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by Todd Adams

It’s been a thought experiment for a couple of weeks now: a TikTok question that asks“Would you rather be stuck in a forest with a man or a bear?” With the majority of women answering, “bear.”  When my wife told me about this, my immediate reaction was one of defensiveness and sharing my belief that most men are good and the question itself was completely ridiculous.

After having some time to consider, what do I mean when I say most men are good? I instantly compare my belief of men to the worst-case scenarios—a scary man hiding in the bushes, ready to assault or rape an unsuspecting woman. From this viewpoint, most men are deemed “good” merely by not engaging in reprehensible behavior. This realization highlights the surprisingly low bar I’ve set for evaluating men.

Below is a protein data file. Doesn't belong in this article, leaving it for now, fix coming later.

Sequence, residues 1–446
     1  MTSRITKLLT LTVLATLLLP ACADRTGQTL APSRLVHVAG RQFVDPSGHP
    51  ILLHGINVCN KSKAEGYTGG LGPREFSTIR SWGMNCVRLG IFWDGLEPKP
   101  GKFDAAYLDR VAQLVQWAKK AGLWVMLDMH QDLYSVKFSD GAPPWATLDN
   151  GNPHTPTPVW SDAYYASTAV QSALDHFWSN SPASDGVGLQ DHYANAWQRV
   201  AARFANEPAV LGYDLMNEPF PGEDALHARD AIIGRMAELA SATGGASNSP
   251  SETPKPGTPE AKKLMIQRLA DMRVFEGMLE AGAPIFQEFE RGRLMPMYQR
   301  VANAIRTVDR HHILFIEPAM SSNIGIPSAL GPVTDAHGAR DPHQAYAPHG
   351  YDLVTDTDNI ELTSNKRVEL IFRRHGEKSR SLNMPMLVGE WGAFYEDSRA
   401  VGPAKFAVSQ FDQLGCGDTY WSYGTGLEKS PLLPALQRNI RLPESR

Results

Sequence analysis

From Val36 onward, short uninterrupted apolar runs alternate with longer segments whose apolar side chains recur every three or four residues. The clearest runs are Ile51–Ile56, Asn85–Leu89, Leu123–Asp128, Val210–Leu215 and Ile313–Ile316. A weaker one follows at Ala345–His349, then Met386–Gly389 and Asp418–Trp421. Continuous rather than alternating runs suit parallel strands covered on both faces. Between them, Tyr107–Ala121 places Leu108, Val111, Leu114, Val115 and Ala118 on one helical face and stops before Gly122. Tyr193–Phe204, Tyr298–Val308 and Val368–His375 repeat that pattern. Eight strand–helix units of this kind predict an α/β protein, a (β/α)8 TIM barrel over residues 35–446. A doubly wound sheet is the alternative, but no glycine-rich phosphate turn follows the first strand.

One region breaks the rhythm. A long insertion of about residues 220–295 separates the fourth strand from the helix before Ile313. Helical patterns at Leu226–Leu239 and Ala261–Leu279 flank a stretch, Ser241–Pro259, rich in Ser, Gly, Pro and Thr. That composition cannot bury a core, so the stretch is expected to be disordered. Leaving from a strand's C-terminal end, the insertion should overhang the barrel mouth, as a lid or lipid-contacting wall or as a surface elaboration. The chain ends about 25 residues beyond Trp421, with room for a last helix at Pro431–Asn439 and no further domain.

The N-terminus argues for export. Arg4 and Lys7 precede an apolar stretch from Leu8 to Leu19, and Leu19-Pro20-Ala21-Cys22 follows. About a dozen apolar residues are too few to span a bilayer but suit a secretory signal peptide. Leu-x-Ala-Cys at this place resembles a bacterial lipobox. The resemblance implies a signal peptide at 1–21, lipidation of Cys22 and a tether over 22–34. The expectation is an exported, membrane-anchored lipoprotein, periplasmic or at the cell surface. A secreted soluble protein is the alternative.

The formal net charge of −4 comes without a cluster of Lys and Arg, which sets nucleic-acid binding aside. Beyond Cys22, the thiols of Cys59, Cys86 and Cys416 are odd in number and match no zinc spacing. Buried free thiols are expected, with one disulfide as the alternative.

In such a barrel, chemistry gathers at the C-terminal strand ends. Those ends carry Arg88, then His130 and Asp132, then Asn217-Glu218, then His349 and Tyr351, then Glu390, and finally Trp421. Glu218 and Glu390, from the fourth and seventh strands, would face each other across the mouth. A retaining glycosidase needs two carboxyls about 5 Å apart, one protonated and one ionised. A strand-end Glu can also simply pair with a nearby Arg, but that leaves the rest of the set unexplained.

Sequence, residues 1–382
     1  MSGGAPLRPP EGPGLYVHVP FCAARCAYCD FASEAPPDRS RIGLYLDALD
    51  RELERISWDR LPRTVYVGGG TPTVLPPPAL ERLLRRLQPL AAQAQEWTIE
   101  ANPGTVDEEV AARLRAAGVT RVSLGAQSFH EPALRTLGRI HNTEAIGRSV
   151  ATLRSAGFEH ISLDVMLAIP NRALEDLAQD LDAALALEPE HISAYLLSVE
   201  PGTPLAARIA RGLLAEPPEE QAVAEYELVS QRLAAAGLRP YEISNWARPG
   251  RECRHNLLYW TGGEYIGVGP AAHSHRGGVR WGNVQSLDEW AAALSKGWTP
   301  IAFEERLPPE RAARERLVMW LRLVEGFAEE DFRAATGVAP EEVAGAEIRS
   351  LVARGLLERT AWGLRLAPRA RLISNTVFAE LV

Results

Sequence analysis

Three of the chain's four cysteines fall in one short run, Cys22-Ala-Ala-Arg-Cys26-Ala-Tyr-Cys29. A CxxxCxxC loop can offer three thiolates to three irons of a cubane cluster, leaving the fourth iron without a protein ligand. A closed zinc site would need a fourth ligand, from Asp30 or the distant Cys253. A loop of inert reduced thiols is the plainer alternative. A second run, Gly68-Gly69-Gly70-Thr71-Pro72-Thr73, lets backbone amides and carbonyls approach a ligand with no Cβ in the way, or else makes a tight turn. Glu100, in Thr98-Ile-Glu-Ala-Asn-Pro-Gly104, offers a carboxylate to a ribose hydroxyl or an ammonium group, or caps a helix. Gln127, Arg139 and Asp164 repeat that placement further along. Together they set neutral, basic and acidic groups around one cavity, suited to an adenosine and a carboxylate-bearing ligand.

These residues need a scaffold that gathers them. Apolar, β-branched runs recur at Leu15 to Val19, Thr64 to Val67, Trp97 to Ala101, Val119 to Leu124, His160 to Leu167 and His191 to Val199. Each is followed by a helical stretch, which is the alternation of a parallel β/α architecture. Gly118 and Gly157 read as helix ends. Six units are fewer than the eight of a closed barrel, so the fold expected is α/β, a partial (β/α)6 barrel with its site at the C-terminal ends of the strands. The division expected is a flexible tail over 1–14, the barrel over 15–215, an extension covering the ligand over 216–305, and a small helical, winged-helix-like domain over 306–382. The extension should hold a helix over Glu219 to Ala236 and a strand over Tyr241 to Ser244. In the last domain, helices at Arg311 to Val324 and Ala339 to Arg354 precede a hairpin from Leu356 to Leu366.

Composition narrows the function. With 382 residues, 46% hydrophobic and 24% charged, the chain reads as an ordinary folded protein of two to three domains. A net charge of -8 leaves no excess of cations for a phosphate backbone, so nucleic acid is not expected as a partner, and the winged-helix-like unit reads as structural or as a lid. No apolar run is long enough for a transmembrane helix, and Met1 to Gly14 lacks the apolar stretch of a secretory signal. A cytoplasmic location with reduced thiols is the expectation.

For me, it’s not the question itself, but rather the response that many women out there would prefer to choose a bear instead of a man. This presents an opportunity for me to become curious about their perspective and examine my own defensiveness regarding the question. I asked myself: How have I been a source of fear and insecurity for women in my past? How have I stood by as a bystander instead of stepping in to intervene in a power differential between a man and a woman? As a younger man in college, how did I participate in the objectification of women?

One article I read, written by a man, stated that 80% of total homicide victims are boys or men, with women only accounting for one-tenth of all homicide victims. Is it just me, or did the author forget to include the sex of the perpetrators? Though I have no authority to speak for anybody else, I’m going to do it anyway.